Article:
In 1837 Pontiac became a village, the same year that Michigan gained statehood. The town had been named after the noted Ottawa Indian war chief who had his headquarters in the area decades before, during the resistance to European-American encroachment. Founded on the Clinton River
, Pontiac was Michigan's first inland settlement. Rivers were critical to settlements as transportation ways, in addition to providing water and, later, power.
The village was incorporated by the legislature as a city in 1861. From the beginning, Pontiac's central location served it well. It attracted professional people, including doctors and lawyers, and soon became a center of industry. Woolen and grist mills made use of the Clinton River
as a power source.
Abundant natural resources led to the establishment of several carriage manufacturing companies, all of which were thriving at the turn of the 20th century. At that time, the first self-propelled vehicles were introduced. Pontiac quickly became a capital of the new automotive industry. Throughout the 1920s and 30s, Pontiac had tremendous growth in its population and size as tens of thousands of prospective autoworkers moved here from the South to work in its GM auto assembly plants at Pontiac Assembly
. African Americans came in the Great Migration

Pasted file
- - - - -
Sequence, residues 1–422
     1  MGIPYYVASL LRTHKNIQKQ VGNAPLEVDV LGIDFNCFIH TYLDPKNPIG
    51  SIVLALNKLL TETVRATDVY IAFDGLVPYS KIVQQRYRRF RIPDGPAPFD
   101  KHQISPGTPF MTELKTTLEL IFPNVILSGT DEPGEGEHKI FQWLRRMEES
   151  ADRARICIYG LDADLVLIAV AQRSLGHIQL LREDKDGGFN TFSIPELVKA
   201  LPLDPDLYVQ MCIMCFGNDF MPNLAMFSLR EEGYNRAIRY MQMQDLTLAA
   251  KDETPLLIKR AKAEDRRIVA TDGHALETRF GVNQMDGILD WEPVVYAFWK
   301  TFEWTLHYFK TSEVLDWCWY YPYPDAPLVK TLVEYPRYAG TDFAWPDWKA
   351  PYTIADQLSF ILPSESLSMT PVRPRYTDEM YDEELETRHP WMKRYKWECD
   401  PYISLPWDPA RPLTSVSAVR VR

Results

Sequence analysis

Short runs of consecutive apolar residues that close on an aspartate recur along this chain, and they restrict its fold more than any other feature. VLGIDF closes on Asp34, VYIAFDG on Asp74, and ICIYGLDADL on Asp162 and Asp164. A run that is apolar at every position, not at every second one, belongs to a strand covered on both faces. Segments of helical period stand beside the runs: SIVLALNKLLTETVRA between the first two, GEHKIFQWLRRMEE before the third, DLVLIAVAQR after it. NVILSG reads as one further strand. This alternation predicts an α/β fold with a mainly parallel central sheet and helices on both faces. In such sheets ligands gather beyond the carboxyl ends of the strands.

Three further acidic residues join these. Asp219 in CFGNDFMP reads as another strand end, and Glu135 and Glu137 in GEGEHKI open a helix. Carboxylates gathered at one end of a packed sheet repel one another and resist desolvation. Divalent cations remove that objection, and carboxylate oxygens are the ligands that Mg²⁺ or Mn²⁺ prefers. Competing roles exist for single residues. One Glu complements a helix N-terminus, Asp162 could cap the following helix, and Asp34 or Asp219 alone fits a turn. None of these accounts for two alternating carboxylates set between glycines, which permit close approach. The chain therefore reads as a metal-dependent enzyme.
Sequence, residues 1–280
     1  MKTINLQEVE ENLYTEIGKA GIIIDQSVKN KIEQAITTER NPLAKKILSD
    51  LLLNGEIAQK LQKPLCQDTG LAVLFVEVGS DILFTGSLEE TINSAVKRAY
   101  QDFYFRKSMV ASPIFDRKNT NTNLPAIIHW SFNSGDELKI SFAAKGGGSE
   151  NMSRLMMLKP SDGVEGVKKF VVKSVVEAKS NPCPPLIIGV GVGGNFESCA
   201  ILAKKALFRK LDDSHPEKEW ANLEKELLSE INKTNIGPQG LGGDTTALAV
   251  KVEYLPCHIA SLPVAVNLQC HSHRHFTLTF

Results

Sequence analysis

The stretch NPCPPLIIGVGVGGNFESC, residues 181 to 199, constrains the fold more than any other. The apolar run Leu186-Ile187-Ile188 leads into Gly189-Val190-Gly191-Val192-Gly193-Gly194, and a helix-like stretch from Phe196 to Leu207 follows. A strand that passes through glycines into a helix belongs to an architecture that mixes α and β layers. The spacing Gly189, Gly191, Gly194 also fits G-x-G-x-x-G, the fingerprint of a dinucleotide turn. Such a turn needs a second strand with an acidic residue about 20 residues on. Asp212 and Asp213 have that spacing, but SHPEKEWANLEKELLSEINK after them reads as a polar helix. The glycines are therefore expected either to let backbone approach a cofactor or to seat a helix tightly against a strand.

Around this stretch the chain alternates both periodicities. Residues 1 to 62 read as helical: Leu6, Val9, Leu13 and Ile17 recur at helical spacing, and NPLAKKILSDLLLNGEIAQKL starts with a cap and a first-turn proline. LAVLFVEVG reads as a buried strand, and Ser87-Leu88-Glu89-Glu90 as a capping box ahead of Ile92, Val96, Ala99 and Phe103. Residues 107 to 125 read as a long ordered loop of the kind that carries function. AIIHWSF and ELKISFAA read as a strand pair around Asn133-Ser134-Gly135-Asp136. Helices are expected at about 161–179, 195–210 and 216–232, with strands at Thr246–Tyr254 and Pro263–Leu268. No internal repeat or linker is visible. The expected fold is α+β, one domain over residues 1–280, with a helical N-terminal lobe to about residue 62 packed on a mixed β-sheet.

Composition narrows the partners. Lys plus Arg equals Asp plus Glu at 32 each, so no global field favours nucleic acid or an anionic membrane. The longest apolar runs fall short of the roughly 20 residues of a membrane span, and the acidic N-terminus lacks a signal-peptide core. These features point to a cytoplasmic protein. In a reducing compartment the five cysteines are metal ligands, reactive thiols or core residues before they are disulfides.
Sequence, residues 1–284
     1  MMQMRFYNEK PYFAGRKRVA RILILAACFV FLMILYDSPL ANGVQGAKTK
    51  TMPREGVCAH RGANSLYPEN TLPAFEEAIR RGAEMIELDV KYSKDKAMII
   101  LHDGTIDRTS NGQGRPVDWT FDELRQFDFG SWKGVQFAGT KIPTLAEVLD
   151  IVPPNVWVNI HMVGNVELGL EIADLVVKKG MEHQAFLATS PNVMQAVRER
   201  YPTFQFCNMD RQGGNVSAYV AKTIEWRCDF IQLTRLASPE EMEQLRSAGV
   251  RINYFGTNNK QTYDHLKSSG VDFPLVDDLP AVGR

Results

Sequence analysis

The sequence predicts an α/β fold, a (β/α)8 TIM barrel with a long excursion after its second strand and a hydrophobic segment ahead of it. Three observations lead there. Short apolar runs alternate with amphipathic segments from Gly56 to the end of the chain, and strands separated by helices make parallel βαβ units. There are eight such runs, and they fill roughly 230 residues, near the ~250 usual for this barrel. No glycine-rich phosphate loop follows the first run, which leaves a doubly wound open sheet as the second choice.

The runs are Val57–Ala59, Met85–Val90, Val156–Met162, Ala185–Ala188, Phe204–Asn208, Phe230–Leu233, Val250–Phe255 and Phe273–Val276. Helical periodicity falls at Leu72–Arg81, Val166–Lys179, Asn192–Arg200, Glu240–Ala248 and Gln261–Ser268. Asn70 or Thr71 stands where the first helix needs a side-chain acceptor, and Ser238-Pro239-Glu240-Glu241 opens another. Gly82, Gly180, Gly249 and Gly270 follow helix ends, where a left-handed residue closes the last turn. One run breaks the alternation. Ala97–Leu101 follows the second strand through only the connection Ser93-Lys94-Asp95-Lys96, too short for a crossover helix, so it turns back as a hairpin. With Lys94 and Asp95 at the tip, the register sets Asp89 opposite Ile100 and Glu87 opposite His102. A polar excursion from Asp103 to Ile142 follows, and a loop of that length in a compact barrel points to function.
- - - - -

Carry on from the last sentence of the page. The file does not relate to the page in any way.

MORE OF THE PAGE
, seeking work, education, and the chance to vote and escape the oppression of Jim Crow
in the South.
As the small "horseless carriage" manufacturers became consolidated under the mantle of the General Motors Corporation, Pontiac grew as the industry grew. It also suffered the same setbacks as other cities during the Great Depression
years of the 1930s. The buildup of the defense industry and conversion of the automotive industry to war demands increased the need for labor. The first postwar years after World War II were a time of prosperity, but the city changed as suburbs were developed and people commuted by car to work. The more established residents moved out to buy newer housing being built in the suburbs, draining off business and resulting in vacancies downtown.
In order to prevent flooding, Pontiac confined the Clinton River in concrete through the downtown in 1963. Changing ideas about urban living in the early 21st century prompted the city to study uncovering the river to create a waterfront community in the city.
In late 1966, Pontiac-born real estate developer A. Alfred Taubman
tried to build a large-scalshopping mall
on vacant downtown land (where the Phoenix Center now stands). It was unsuccessful. Pontiac residen